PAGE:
We made a plan and follow it. Take off the rose-colored glasses and plan realistically for contingencies. The more specific you can be in anticipating what your future life might look like – and cost – the better you can plan. And be.

Live well and prosper, my friend. Live well and prosper.

Side Note: I’m not going back for that $40-$50 haircut. It was a one-time thing. I’m back at Super Cuts @$16 (with tip). It was nice while it lasted but I’m over it.



  1. Love the basket idea . Always hated dressers no idea why . My stuff is in laundry baskets or luggage . Sounds nuts but i am . Baskets sound move civilized. Thank you for another brilliant idea. I also never wear socks !


    • Hi Ev. I only wear socks in the winter and I am hating it right now! I feel so constrained. Baskets are def more civilized. Let’s call ourselves the ‘Two Basket Cases’ LOL! So much more easier.


  2. I can’t believe you can fit all of your clothes in three baskets even your new LlL Bean sweats and your dresses! I am trying to sort out my closet right now and it is going slow. My new way is grab a garbage bag when I head to Market32 and fill it for Goodwill. I will never get down to a minimalist definition of a wardrobe! And really I don’t want to because I like the clothes I have. Do you switch out summer and winter wear in the baskets. This is definitely one thing we do not have in common. Another thing I don’t have in common is overdrawing my checking and paying fees to the banks or credit card companies. We went four years of our marriage with only a gas card my husband had before our marriage and live on a cash basis . We got one when my husband was been going transferred and he had to pay for his meals and hotel bills and then submitted them for reimbursement. We bought our first house with this transfer and used d the convenience of the credit card to get things for the house but only if we could pay the bill when it cane in. Did you use your budget spreadsheets and ever total the cost of the fees you incurred?
    I now operate on a different mindset? I pay all my standard monthly bills within the first three days of each month. Set aside some in savings . And then any entertainment or discretionary spending I ask myself-Will a purchase with my discretionary income add happiness for me or my family? I don’t sweat the small stuff. Sincer, Lara


    • Lara, when I think about how careless I used to be about money, I cringe. I can’t believe it was me and I was the same person. I used to delude myself and tell myself that the uncollected fees were just the cost of doing business. WRONG.
      Yes, I switch out my summer and winter clothes. I keep my summer clothes in the bottom draw of my end table (matching bedroom set) I do have a closet. A little bit bigger than Nick’s but I never use it. That’s where I keep all my dress pants and dresses and handbags. But as I said, I rarely go in there because I rarely use any of the clothes too go out anymore. Every six months I purge the closet and toss even more stuff. I keep my coats and jackets in the front closet by the front door. Again, I only have in there what I am using, including rain gear and snow boots.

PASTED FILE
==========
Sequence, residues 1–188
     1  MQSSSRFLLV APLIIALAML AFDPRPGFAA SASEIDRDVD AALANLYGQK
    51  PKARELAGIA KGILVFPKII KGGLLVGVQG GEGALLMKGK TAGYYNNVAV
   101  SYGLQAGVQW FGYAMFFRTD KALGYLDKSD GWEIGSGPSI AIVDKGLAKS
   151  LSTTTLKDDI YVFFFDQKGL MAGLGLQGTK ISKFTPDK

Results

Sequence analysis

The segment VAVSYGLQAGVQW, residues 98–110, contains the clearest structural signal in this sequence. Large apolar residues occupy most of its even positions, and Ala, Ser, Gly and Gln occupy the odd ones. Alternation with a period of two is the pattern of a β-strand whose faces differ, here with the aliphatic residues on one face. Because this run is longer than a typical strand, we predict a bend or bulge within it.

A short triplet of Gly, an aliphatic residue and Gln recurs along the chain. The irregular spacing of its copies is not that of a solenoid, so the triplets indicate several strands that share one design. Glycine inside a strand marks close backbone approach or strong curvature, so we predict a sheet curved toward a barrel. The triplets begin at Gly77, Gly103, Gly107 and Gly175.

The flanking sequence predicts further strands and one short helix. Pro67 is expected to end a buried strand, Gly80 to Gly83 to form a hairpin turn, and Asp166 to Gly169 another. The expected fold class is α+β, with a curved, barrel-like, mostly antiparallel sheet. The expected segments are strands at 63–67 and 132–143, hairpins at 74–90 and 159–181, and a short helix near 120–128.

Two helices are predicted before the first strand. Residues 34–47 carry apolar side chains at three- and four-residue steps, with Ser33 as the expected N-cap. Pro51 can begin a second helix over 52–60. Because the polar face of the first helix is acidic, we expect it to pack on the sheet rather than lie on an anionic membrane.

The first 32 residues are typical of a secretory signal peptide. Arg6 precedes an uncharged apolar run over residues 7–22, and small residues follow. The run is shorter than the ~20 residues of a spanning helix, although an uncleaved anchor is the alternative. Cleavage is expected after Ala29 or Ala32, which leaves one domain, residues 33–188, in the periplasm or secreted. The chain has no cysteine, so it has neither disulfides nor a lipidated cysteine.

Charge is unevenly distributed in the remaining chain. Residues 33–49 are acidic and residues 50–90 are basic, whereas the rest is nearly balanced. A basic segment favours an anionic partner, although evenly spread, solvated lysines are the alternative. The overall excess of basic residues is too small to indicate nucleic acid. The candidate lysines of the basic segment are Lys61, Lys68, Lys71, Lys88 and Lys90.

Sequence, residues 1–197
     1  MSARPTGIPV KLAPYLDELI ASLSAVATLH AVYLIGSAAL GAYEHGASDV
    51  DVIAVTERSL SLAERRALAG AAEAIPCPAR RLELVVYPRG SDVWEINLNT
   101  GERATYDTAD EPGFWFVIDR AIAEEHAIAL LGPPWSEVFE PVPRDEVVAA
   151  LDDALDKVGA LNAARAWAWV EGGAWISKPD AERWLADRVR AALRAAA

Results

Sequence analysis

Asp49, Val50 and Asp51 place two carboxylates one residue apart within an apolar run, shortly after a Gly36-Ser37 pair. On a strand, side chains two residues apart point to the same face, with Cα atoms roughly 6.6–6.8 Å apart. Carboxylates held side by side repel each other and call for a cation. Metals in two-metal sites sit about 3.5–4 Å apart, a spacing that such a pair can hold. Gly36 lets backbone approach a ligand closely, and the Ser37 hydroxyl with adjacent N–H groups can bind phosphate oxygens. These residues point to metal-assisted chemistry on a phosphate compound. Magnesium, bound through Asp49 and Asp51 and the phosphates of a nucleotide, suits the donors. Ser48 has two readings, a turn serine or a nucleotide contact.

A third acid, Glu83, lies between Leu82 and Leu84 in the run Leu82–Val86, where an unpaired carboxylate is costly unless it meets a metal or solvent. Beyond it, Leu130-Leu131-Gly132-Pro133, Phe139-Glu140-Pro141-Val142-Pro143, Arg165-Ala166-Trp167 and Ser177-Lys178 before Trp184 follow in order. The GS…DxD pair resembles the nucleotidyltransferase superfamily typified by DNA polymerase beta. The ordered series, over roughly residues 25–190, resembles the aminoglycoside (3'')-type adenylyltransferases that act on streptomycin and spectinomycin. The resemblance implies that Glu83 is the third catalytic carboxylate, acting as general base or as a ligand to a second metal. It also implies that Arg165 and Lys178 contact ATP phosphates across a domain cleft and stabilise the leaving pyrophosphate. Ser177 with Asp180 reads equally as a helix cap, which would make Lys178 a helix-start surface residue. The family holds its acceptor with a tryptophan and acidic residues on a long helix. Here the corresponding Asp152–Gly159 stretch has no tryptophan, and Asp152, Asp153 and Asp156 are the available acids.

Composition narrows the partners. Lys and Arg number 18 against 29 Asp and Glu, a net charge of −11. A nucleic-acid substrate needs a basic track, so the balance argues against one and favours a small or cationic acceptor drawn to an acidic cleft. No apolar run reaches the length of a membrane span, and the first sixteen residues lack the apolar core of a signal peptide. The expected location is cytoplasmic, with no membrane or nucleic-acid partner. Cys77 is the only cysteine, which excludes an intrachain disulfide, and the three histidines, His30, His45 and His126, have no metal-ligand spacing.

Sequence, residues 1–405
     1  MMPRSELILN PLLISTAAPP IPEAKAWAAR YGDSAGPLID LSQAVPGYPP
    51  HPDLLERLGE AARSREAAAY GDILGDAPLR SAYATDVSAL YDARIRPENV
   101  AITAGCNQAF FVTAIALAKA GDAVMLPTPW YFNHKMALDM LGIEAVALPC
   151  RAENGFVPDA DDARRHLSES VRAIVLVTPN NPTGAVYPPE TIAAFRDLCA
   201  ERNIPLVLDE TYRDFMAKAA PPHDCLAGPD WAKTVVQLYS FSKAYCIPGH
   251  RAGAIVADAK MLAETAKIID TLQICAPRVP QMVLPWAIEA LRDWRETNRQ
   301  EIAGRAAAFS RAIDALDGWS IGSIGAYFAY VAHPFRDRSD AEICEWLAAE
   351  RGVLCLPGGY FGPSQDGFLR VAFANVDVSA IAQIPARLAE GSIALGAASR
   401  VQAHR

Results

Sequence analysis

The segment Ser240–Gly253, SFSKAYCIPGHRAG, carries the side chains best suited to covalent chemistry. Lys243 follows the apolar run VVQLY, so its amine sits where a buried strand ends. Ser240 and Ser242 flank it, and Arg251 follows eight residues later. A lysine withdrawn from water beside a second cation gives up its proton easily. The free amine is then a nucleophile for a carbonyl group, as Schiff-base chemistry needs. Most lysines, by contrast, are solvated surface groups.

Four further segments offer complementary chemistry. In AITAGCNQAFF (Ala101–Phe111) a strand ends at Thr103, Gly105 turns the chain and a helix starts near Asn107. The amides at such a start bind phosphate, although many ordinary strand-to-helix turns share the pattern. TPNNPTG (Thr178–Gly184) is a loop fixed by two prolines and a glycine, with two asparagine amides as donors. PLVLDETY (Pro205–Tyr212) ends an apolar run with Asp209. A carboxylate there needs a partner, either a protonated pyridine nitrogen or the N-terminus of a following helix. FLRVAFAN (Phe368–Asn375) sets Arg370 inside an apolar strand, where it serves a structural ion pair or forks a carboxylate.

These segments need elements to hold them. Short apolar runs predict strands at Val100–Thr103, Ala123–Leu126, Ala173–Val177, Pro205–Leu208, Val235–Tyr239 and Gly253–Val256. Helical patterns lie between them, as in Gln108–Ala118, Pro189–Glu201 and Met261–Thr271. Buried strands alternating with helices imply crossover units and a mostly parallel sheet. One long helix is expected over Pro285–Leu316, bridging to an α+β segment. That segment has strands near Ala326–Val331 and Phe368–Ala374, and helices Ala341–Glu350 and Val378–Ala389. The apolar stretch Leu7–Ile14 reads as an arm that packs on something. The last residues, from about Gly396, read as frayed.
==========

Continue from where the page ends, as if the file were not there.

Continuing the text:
3. So I am in a tsunami of a money pit for house repairs and it keeps on getting worse! I woke up to a shocking discovery of water at the bottom of my basement steps. When I went downstairs it was from a seepage from my septic. I bleach and cleaned up the water. But, I faithfully get it pump every two years. They pumped it ($250)but did not clear the problem. SOS to get it snaked not till next morning, another mess and $250. The plumber showed me the problem- the pipe between the tank and house had drop leaving less then an inch whole to drain the pipes. Back to my septic guy and will be another $1500 to fix. I can’t put anything but liquid in the system till Tuesday. And with the snow we are not sure if the utilities will come Mondayand mark with my underground lines are. I am having the plumber switch my bathroom sink tops and new faucets for another $800. $3800 and my outside faucet handle broke and that will need to be replaced also! A mouse also got in the house with the plumber going in my basement with the casement door open! I am keeping my fingers cross everything is fix to host Thanksgiving here. If not I will be lugging everything over to my daughter forty miles away and cook there while they are at their in-laws! Lara


    • OH NO! This is very bad news. That’s the price we homeowners have to pay for the ‘benefit’ of owning our own homes. I hope everything gets fixed properly and it doesn’t cost you too much.
      Let me know.
      Good luck!